Food and cooking in Roman times


22nd October 2014

Food, cooking and farming in Roman occupied Britain

Today we publish our article on food in the time of Roman Britain. This accompanies the main article on the history of Leicester (part 2) on the Romans in Leicester.

Knowing what people ate, how they cooked and how they distributed food is important to our understanding of people in the past. Food in Roman Britain is an interesting topic because it saw substantial changes in what people ate and how food was produced.  England always was a good place for growing crops and for farming animals.  The natural landscape was rich in wild animals and native fauna offered many varieties of plants, herbs, fruit and berries. The creation of earthworks, stone monuments (including Stone Henge) and the development of religion and ritual was made possible by the abundance of food.

In the stone age, bronze and iron ages, food was in such plentiful supply that communities could devote labour to building and construction rather than solely to agriculture. A surplus of food is essential if large numbers of people are to be fed when engaging in building work. People had the time to develop rituals to do with the burial of the dead and the worship of their ancestors, as well as studying the stars, which would not have been possible if everyone spent all day engaged in subsistence farming.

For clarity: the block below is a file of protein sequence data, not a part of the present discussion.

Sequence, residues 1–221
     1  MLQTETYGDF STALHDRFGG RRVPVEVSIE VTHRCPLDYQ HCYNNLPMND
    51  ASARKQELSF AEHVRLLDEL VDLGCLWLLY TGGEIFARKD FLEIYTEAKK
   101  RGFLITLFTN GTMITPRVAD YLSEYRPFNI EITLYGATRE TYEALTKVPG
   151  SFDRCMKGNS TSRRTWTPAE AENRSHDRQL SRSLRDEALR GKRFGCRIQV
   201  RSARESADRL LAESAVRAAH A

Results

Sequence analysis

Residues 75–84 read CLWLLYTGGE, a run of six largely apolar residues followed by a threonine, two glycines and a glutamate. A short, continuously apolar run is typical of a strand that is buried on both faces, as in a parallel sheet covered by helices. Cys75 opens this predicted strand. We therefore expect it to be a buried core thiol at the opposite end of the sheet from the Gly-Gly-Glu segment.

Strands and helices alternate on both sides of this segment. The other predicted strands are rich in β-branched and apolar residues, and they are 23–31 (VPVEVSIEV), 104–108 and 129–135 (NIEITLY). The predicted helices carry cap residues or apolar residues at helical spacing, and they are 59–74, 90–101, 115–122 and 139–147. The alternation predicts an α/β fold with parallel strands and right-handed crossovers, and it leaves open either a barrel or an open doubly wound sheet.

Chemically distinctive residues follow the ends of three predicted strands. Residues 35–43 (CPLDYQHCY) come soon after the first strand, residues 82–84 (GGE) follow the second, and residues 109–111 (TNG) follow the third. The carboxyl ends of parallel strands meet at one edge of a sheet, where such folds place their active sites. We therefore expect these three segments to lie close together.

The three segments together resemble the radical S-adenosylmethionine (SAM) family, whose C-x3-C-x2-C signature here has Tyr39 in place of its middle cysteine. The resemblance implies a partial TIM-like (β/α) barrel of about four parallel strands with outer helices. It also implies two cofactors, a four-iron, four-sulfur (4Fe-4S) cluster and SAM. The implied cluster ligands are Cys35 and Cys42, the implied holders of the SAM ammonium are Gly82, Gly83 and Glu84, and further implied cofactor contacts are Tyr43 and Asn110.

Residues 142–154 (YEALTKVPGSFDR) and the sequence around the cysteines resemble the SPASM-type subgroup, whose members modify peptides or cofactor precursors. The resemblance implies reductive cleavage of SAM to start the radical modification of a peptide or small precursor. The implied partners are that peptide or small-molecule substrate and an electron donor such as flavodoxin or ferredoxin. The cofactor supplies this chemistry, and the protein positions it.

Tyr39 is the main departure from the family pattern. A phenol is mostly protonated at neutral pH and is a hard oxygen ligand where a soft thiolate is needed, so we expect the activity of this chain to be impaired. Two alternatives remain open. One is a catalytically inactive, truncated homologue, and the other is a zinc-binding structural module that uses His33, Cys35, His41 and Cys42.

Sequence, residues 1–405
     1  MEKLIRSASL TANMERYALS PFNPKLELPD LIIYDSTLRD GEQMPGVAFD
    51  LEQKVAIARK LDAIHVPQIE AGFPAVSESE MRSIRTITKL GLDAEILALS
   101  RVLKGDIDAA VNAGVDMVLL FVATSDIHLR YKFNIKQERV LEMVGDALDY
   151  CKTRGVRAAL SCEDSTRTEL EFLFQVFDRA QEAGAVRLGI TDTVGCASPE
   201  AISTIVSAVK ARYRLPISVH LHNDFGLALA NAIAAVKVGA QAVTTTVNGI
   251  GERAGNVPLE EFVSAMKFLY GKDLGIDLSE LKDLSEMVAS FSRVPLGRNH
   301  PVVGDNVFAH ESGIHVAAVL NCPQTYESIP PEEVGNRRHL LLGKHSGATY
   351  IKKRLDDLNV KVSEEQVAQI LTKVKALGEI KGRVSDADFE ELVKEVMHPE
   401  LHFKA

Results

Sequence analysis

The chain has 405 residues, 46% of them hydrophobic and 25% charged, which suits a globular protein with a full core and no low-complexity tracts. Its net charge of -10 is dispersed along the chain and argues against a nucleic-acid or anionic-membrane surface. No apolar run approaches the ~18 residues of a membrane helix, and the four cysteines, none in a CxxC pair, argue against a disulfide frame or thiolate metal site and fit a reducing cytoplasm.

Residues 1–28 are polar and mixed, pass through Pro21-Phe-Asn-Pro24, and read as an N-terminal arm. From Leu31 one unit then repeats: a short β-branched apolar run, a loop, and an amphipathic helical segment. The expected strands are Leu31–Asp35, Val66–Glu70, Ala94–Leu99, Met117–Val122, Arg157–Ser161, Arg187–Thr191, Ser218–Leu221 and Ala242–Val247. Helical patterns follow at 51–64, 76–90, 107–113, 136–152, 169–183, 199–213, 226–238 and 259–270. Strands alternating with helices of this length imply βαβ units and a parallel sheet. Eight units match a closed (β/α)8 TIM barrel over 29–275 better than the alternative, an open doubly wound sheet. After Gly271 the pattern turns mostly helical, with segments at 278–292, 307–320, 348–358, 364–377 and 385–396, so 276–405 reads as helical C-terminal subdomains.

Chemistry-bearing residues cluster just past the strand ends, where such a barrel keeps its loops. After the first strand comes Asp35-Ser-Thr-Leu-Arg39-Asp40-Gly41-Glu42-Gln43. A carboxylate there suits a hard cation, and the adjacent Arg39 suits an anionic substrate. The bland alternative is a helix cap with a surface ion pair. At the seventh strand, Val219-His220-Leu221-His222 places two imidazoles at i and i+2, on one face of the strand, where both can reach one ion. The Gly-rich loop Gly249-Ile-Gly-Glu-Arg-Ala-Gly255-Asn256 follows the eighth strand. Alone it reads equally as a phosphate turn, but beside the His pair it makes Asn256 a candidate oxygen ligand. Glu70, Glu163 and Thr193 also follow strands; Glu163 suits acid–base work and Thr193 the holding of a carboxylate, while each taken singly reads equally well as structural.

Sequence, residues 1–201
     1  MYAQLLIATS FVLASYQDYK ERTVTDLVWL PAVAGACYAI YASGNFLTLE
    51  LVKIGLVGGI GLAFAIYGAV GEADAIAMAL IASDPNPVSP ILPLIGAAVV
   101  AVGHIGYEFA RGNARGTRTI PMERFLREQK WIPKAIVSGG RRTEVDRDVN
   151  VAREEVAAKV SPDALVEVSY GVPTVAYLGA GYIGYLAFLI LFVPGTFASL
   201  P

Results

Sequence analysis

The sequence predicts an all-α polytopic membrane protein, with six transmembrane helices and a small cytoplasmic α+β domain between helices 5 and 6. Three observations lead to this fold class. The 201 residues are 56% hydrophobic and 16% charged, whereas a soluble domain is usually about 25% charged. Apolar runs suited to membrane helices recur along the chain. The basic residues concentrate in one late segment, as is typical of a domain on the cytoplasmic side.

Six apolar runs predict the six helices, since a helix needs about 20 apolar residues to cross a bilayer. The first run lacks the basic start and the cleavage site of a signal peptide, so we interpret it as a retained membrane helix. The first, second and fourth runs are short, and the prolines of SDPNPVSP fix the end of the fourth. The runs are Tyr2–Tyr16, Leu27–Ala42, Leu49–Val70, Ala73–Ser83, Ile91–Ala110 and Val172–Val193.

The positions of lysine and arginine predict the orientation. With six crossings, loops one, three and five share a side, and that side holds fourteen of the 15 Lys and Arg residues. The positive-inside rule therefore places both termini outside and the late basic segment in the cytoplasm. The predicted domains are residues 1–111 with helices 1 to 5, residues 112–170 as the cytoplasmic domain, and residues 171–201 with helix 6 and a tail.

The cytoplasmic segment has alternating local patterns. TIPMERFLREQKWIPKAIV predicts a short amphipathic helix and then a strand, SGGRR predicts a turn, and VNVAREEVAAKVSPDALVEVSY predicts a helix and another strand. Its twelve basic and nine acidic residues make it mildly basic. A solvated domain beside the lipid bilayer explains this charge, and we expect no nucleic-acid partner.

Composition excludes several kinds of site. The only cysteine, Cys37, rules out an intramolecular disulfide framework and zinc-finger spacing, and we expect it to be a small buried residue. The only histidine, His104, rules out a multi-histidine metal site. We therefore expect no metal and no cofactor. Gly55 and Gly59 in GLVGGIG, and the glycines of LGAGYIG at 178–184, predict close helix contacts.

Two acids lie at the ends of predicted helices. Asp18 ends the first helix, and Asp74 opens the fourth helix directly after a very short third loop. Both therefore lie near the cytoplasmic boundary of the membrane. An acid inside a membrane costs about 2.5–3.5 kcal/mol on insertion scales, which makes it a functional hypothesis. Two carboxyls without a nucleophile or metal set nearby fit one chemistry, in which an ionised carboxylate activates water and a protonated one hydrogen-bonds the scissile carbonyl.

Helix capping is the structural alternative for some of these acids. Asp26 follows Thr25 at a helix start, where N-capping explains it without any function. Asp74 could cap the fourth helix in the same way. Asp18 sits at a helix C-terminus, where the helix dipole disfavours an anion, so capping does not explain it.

The Roman empire saw Britain as a wild and untamed country but one that was rich in natural resources and that enjoyed a plentiful supply of food. Many Romans saw Britain as being the edge of the known world and myths surrounded it. This did not stop them from invading England and desiring it as part of their growing empire in the first and second centuries, AD.

We can work out what people in the early town of Leicester (then called Ratae) would have eaten from the evidence of food being supplied and consumed in the country as a whole. When 40,000 Roman soldiers landed here in 43 AD they would have brought food supplies with them. As they conquered the regions of England, they gradually organised their own systems of food supply.  They began to import food and wine from mainland Europe and, as they developed their own farms (or colonised those already established by the native communities),  they introduced new plants and animals to supply the tables of the occupying armies and the growing population of European civilians.

A lot of evidence from archaeology gives us a fairly detailed picture of what people ate, how food was produced and supplied and how food distribution was organised, over four centuries of Roman domination of Britain. This area of study gives us a lot of valuable insights into the way of life of both the aristocracy and of the common people in both military and civilian settings.

See also:

The history of Leicester part 2 – The Romans in Leicester

Food and cooking in Roman times

University of Leicester Exotic Food in Roman Leicester (requires PDF reader.)